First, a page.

'Terribly unfortunate circumstances' saw reversing truck knock down and kill woman in Cork city: Driver admits to dangerous driving causing death

'Terribly unfortunate circumstances' saw reversing truck knock down and kill woman in Cork city: Driver admits to dangerous driving causing death

The 49-year-old motorist who admitted dangerous driving causing death was banned from driving for six years and given an 18-month suspended prison term at Cork Circuit Criminal Court. Picture: iStock

“A terribly unfortunate combination of circumstances” saw a woman who had profound deafness being killed when a reversing truck travelling at little more than a walking pace knocked her down.

The 49-year-old motorist who admitted dangerous driving causing death was banned from driving for six years and given an 18-month suspended prison term at Cork Circuit Criminal Court.

Finola O’Farrell (nee Murphy), sister of the deceased Maeve Murphy, 56, gave a victim impact statement on behalf of the family in which she said: “Maeve was the youngest in our family and as she never married and had children of her own, she was central to all our lives. She loved her life and nothing was more important to her than her family, friends and colleagues and everyone adored her.

“She left work that day full of life, to walk the same way she always did, up town and then on perhaps to the gym and home, not knowing what lay ahead of her. The manner in which she died has been of considerable heartache to everyone. She was still so young and (had) so much of her life ahead of her.

“Maeve’s life has been taken from her so swiftly and she will miss out on everything, watching her nieces and nephews grow, and us as a family never having the opportunity to tell her how much we love her and how we miss her every day,” Ms O’Farrell said in her victim impact statement on behalf of the family.

Fortune Chigumira of An Caireal, Carrigtwohill, County Cork, admitted that on February 10 2020 at Smith Street, Cork, he drove dangerously, thereby causing the death of Maeve Murphy. He pleaded guilty to that offence.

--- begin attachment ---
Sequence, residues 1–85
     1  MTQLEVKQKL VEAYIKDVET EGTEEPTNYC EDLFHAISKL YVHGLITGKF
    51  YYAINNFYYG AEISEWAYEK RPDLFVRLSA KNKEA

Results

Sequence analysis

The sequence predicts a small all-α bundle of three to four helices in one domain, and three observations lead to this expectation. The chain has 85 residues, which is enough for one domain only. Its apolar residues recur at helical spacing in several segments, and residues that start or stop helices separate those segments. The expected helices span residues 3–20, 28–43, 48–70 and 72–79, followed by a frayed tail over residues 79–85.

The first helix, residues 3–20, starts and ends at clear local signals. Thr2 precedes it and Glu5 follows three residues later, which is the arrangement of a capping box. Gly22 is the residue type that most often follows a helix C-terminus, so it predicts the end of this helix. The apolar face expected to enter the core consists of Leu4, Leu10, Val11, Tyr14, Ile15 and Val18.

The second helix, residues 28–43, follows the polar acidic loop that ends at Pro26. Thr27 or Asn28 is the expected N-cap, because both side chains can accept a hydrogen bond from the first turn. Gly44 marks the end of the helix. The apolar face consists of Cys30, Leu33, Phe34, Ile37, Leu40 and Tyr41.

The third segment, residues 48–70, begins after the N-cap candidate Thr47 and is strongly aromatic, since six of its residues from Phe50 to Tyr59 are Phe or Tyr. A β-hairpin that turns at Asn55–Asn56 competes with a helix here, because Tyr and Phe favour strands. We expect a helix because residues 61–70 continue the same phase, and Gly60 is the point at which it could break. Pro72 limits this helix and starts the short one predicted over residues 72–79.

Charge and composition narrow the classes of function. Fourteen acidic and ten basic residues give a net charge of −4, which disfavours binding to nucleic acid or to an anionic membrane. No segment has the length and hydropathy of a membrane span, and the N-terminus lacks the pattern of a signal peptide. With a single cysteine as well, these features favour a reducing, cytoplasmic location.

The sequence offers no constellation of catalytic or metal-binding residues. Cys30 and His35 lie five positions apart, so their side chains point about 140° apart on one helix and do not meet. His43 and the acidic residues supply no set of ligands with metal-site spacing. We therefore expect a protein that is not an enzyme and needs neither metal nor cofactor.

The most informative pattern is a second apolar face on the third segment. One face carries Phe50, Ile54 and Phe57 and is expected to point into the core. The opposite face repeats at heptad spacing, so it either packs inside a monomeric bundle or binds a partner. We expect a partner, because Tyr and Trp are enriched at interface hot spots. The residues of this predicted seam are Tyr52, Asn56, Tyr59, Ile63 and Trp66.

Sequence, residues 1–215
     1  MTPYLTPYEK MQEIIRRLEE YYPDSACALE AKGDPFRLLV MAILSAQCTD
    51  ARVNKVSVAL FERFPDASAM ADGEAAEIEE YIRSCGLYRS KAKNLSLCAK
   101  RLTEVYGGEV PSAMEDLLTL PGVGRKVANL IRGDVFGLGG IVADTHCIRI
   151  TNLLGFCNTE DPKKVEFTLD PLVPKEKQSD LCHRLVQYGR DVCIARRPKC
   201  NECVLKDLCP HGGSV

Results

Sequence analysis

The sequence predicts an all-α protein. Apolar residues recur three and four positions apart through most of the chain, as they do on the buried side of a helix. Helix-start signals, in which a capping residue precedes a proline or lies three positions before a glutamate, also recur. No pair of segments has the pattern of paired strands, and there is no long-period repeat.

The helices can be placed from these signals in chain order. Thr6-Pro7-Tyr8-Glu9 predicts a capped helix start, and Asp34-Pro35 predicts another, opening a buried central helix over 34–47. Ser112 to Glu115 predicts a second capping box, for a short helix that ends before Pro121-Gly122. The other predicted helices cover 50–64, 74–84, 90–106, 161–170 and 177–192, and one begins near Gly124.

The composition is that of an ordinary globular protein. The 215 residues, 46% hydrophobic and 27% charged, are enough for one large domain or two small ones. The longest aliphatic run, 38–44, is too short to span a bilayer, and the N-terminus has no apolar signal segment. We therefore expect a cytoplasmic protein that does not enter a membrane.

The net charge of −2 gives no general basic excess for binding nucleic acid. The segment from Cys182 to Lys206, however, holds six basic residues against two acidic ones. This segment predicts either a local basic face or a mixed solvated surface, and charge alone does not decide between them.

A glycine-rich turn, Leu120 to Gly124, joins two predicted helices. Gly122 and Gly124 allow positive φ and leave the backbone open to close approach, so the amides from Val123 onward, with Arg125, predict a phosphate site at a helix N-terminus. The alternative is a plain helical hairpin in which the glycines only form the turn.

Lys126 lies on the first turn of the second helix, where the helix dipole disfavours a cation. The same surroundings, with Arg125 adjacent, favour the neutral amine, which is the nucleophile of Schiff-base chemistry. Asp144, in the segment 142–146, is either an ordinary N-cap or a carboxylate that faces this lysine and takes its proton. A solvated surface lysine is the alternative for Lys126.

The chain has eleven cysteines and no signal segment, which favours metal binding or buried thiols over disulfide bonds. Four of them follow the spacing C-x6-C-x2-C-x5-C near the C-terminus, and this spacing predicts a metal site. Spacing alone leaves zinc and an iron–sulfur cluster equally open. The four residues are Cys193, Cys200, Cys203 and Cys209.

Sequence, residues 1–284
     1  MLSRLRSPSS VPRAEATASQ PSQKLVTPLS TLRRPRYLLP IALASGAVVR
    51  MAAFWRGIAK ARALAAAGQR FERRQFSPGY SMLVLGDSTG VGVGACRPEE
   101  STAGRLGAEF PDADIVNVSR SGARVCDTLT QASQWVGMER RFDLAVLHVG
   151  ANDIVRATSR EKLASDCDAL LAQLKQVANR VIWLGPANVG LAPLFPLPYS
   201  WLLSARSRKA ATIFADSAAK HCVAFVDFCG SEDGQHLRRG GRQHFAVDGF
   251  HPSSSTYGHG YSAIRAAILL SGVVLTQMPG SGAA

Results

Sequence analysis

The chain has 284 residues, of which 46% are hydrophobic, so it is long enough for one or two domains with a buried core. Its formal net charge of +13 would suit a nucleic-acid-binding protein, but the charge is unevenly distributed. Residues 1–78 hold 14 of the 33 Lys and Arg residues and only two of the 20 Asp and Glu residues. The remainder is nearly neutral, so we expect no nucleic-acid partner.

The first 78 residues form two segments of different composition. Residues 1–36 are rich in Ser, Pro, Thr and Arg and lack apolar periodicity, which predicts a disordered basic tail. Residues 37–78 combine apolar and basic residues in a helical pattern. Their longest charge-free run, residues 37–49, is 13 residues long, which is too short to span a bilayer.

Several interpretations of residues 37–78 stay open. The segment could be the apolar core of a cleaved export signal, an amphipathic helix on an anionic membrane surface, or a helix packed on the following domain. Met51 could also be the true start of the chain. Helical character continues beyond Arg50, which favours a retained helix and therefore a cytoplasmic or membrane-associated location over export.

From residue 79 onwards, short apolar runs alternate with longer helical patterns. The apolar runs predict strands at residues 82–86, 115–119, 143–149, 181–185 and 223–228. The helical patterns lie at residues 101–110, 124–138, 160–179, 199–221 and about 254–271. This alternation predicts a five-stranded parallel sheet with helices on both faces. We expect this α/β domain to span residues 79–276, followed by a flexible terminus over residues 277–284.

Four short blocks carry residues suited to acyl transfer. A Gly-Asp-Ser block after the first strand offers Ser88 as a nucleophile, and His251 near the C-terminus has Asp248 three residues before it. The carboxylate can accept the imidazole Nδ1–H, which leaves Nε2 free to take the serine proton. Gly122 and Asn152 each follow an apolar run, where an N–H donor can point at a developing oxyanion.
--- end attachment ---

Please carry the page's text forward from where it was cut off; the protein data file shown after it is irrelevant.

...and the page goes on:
Garda Richard O’Sullivan said Mr Chigumira was driving the Renault rigid truck that Monday afternoon and was about to make deliveries on Oliver Plunkett Street and decided to reverse the vehicle down Smith Street from South Mall.

“It was his first day on the job in that courier firm. He was making the last deliveries of that day. He was on South Mall. He reversed on to Smith Street. He was reversing the wrong way down a one-way street at 7.48 kilometres per hour. He reversed rather than driving down thinking this would be less intimidating to other road users. He travelled 77 metres the wrong way down a one-way street.

“The injured party who was 56 was deaf since birth and was walking on the street. She was on her phone. She left the footpath and continued walking towards the pedestrian area. She was 20 seconds on the road and Mr Chigumira reversed over Ms Murphy and she received multiple injuries and died a short time later in hospital,” Garda O’Sullivan said.

Donal O’Sullivan, prosecution barrister, suggested, “It was a terribly unfortunate combination of circumstances – he reversed down the street and Ms Murphy was profoundly deaf.” 

Garda O’Sullivan agreed with that description of what occurred. The guard added that the speed of truck was only just above walking pace.

Emmet Boyle, defence barrister, said the Zimbabwean national who has been living in Ireland for 20 years where he is married with three children has always worked with driving or mechanics. He was very remorseful and cooperative.

Mr Boyle said of the accused, “He did not abrogate responsibility. This had devastating effects on himself and most importantly on the family of the injured party.” 

Judge Seán Ó Donnabháin accepted the defendant was a hardworking man and was traumatised by what occurred.

“But going down the wrong way down a side street, the level of recklessness, the level of danger was significant. He was well below the standard of what would be expected of a competent driver carrying out this work,” he said.

The judge also said the loss of Ms Murphy to her family was incalculable.

Judge Ó Donnabháin said a prison sentence would not be appropriate but that to mark the seriousness of it he would impose an 18-month term which was suspended. He was disqualified from driving for six years from June 30.

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